June 1, 2020
Due to travel restrictions, plans are only available with travel dates on or after
Due to travel restrictions, plans are only available with effective start dates on or after
Some museums, such as small-town shrines dedicated to a footnote of local history, can be explored over a lunch break. But others, like the world’s top museums featuring sprawling galleries and dozens of sub-basements overflowing with collections, require a plan. That’s especially true when your family is coming in tow.
But even with a plan, a cross-country trip or around-the-world voyage to see long-lost antiquities or paintings so popular they have their own Twitter account can still come off the rails. So, what if the road to London or Paris gets a little rocky, metaphorically speaking? What if a trip delay or lost bag means you need to erase this much-awaited visit on your itinerary? Or what if an illness or other unforeseen circumstances prompt you to cancel the family trip, losing your travel investment along with your hope of rebooking anytime soon. There are countless other scenarios, too, in which the upshot of travel turmoil is missing this singular bucket list experience.
That’s where travel insurance comes in. With a travel insurance plan from Allianz Global Assistance, you can avoid your own “blue period” — unlike the artist whose gallery you’ve been saving to visit. That’s because with the right travel insurance plan, you can travel with the peace of mind that a travel delay can be remedied. And that unexpected eligible expenses incurred on the fly due to a covered delay can be reimbursed. Consider travel insurance to be your muse for more confident travel.
Now that we’ve taken some of the worry out of the equation, let’s take a practice jaunt through some of the world’s most famous, and thus most crowded, museums. Don’t worry, we’ve got tips to help you and your family travel back through time, figuratively speaking, without worrying about present-day distractions.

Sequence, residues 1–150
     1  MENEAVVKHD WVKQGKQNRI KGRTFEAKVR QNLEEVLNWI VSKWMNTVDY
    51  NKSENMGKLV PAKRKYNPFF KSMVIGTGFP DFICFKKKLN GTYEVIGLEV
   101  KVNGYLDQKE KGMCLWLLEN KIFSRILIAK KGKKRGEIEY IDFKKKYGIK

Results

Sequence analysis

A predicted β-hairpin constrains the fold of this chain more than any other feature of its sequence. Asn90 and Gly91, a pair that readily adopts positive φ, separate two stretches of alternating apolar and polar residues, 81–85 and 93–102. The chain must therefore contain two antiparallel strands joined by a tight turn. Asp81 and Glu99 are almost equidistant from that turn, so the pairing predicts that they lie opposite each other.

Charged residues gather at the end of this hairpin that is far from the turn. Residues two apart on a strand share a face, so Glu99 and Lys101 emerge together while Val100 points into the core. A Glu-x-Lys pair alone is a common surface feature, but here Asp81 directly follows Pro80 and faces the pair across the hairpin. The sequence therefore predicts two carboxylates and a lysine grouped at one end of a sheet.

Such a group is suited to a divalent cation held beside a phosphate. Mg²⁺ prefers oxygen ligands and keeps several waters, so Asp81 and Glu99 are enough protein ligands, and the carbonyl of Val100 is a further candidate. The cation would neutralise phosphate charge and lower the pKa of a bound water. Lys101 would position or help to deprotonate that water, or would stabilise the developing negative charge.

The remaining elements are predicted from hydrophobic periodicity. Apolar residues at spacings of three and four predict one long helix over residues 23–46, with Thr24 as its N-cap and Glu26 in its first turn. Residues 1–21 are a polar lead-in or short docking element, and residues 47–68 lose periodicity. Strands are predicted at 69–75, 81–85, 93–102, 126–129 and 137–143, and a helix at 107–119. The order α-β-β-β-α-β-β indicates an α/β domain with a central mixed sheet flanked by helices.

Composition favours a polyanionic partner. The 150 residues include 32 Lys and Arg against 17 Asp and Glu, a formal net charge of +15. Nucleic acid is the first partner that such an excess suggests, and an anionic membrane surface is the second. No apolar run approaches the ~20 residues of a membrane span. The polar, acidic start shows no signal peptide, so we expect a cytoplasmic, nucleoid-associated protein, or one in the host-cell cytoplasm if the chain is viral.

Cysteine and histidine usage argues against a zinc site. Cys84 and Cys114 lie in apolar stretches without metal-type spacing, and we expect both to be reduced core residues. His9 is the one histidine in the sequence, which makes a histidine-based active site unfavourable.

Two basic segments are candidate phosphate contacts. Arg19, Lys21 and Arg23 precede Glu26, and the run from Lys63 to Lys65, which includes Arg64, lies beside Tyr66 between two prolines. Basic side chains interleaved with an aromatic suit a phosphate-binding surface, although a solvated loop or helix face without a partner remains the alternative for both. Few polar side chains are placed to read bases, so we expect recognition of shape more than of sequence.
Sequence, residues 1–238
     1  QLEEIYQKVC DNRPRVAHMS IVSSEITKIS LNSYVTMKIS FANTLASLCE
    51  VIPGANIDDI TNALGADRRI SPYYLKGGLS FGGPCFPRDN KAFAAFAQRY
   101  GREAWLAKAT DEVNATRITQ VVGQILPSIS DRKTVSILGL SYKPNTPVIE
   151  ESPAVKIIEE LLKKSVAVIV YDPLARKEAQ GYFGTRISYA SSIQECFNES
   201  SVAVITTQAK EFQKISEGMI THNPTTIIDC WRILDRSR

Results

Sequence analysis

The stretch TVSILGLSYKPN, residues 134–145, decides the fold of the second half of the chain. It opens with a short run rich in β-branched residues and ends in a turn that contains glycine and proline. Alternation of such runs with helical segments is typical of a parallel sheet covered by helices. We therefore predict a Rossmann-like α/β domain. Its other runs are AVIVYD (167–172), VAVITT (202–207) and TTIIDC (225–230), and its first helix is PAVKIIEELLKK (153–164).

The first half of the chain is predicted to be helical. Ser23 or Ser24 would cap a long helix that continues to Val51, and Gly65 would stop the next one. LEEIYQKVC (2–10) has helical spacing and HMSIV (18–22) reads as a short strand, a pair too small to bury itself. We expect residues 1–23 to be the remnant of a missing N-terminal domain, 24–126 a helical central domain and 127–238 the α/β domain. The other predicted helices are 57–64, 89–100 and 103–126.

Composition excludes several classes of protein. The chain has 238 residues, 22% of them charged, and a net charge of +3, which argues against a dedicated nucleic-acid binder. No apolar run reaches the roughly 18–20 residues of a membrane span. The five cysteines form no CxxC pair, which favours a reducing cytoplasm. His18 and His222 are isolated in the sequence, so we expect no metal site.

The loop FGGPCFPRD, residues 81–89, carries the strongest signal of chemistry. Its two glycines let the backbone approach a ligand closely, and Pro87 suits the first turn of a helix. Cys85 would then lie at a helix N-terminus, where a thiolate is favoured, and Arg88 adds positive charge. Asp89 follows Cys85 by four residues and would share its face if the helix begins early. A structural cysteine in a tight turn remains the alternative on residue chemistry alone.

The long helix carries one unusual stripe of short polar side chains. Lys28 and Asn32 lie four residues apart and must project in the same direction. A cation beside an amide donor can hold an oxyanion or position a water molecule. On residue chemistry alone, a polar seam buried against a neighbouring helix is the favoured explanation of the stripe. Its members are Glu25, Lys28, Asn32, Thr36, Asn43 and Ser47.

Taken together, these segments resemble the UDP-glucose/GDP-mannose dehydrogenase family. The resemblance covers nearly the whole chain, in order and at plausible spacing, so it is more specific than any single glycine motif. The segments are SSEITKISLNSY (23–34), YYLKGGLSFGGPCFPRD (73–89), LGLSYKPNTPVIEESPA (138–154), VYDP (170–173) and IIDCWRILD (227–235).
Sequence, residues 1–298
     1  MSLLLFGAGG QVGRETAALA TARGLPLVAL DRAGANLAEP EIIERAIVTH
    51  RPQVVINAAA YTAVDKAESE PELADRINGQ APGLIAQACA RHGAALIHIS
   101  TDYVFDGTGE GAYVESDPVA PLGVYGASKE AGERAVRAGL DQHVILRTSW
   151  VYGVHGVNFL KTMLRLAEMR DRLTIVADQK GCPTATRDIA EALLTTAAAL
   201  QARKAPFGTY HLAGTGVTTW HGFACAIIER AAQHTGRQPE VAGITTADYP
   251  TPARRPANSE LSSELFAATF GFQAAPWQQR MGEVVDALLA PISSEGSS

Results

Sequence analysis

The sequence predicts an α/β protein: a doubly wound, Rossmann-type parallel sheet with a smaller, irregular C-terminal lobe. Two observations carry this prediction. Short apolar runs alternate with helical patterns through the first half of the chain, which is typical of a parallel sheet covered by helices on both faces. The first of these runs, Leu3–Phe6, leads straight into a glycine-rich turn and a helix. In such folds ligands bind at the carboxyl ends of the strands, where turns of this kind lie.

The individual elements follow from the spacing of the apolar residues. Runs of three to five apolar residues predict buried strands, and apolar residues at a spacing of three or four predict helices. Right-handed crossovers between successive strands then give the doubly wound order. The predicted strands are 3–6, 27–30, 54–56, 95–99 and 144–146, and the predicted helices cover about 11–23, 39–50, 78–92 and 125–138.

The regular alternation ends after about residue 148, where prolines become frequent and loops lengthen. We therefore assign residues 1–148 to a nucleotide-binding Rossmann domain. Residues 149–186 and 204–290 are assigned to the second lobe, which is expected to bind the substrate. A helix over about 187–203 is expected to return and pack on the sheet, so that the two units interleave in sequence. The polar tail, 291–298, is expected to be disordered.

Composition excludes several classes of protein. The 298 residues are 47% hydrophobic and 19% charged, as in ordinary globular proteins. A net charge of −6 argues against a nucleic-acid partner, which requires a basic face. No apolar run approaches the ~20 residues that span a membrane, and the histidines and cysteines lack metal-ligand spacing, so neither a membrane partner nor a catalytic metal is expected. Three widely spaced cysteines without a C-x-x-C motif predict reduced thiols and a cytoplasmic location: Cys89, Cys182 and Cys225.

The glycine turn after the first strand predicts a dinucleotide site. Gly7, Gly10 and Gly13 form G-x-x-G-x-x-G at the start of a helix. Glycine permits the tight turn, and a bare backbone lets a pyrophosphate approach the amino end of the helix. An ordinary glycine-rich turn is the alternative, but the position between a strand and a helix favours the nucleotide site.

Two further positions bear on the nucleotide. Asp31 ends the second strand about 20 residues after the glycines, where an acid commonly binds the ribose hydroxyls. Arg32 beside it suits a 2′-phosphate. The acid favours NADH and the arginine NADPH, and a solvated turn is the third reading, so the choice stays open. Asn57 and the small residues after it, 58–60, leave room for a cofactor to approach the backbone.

The Louvre has more than 35,000 works of art, and it draws more visitors each year than any other museum: more than 10 million.1 Caution: in the summer and December, you may face hours-long lines to enter the Louvre, even if you’ve already purchased a ticket.
Some popular museums and tourist destinations may frown upon or outright ban strollers. Other times, pushing your double stroller through busy attractions is akin to playing bumper cars with other parents piloting their own brood. But the Louvre is a stroller-friendly change of pace. Here, you can only use the elevators if you physically need to — and if you have a stroller, you’re on the list. (And the Louvre has some really interesting elevators.) So if you’re on the fence about bringing the stroller or leaving it back at your Airbnb condo, take it with you and thank us later.
With a permanent collection of more than 2 million works of art, The Met is the largest art museum in the United States. It includes three locations in New York City: The original Met Fifth Avenue, The Met Breuer, a shrine to modern and contemporary art, and The Met Cloisters in upper Manhattan, which is dedicated to medieval art. Highlights include the Greek and Roman Sculpture Court, the Vermeer collection and the extraordinary Egyptian Temple of Dendur.
What’s your greatest fear about taking your family to visit a museum filled with priceless artifacts and works of art? We’re pretty sure it’s having your toddler hug a 2,000-year-old cherubic sculpture, knocking it over, and being handed a bill with a lot of zeros. If this is your nightmare, head over to Visible Storage, Gallery 775, where protective glass stands between the exhibit and your curious children.3
The collections of the National Palace Museum, saved from the Forbidden Palace in 1931, span more than 8,000 years of Chinese history. The museum's nearly 700,000 pieces include bronzes, ceramics, calligraphy, paintings and sculptures. Expect huge crowds for the most popular pieces, including the whimsical "Jadeite Cabbage" and an extraordinarily detailed boat carved from an olive pit.6
Ok, ok, the National Palace Museum isn’t quite as family-friendly as some other destination museums. But it may mirror your home on some of the more frantic days. That’s because it’s crowded and loud — despite the manifold museum warnings to keep it quiet. Consider getting a tour guide if your traveling pack is old enough to appreciate the finer details of the exhibits.7
Founded in 1753, the British Museum was the world's first national public museum. Among its treasures are the Rosetta Stone, which was the key to deciphering Egyptian hieroglyphics, and the Mummy of Katebet.
Bring your children to The British Museum’s hands-on desks to partake in interactive sessions. Participating exhibits (“rooms”) include Collecting the World Gallery, Pre-History and Roman Britain, Money Gallery and The Islamic World Gallery. Check the museum’s schedule for details.
The world’s top museums offer plenty of attractions to justify a jet-setting adventure that can fill multiple days on your itinerary. Pack a family-proof plan — and a travel insurance plan — to ensure visit it’s free and clear of distractions.